AF also is more common in people who are having heart attack or who have just had surgery. The risk of AF increases as you age. Inflammation also is thought to play a role in causing AF.  Drinking large amounts of alcohol, especially binge drinking, raises your risk. Even modest amounts of alcohol can trigger AF in some people.  Sometimes, the cause of AF is unknown.

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Treatment Goals

• Slow heart rate
• Regain normal heartbeat
• Treat causes
Lower risk of stroke and heart failure

Warning Signs of Stroke

• Numbness or weakness of the face, arm, or leg ,especially on ONE side
• Confusion
• Difficulty speaking or understanding
• Trouble seeing in one or both eyes
• Trouble walking or with balance
• Dizziness
• Severe headache

Warning Signs of Heart Failure

• Shortness of breath
• Trouble doing usual activities
• Difficulty breathing when lying flat
• Weight gain
• Swelling in legs, ankles, or feet

Treatment options

 Heart Procedures

  • Cardioversion

Cardioversion is done two ways: An electrical procedure,  in which your heart is given low-energy shocks to trigger a normal rhythm. You’re temporarily put to sleep before the shocks are given. This type of cardioversion is done in a hospital as an outpatient procedure. “Outpatient” means you can go home after the procedure is done.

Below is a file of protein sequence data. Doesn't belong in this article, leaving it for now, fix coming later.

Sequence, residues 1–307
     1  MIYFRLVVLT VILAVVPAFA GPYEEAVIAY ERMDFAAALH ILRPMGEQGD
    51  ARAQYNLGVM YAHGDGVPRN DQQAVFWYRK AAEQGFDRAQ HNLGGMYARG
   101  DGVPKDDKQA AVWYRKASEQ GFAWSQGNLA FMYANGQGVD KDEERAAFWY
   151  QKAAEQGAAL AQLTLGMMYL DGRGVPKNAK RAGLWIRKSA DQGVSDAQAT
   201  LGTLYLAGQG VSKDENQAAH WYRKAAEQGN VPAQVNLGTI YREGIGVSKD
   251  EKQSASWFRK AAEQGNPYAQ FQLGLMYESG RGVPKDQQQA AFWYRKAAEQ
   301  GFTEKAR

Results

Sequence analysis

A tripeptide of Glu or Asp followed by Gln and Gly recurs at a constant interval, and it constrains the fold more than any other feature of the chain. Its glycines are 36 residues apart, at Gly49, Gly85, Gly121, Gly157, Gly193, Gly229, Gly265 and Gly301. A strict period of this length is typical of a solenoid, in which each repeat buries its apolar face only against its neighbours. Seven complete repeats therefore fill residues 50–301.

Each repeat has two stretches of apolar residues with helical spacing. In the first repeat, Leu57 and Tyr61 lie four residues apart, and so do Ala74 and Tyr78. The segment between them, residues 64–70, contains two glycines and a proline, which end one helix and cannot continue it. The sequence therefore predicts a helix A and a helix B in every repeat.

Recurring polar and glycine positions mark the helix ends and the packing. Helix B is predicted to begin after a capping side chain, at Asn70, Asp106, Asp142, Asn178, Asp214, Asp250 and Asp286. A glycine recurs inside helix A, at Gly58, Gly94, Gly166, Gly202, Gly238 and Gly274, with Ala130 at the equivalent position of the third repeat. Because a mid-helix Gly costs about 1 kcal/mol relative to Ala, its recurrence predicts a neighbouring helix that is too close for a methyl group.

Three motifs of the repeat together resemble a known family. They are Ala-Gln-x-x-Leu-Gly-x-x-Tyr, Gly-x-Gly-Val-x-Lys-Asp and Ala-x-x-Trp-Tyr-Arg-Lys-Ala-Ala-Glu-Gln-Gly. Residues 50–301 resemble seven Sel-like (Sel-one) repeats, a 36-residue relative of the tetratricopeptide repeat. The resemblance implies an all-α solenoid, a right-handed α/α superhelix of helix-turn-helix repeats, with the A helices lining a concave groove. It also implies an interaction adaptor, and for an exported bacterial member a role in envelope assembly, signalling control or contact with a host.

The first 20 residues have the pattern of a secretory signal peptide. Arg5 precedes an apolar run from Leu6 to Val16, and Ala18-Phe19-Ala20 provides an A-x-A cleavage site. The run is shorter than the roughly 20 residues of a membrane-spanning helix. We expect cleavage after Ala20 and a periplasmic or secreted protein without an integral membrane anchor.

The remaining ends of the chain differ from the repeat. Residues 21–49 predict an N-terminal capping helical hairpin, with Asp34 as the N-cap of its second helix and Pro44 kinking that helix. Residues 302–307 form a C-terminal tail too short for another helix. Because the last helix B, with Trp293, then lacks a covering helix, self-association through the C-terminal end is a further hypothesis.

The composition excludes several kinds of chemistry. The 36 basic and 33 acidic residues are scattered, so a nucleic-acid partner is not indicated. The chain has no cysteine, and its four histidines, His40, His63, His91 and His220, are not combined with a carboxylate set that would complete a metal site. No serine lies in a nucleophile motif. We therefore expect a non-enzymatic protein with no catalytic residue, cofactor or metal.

Cardioversion through use of medicines. Using medicines to correct arrhythmias also is a form of cardioversion. This type of cardioversion usually is done in a hospital, but it also can be done at home or in a doctor’s office. It is known as a rhythm controller

  • Catheter ablation

During catheter ablation, a series of catheters (thin, flexible wires) are put into a blood vessel in your arm, groin (upper thigh), or neck. The wires are guided into your heart through the blood vessel.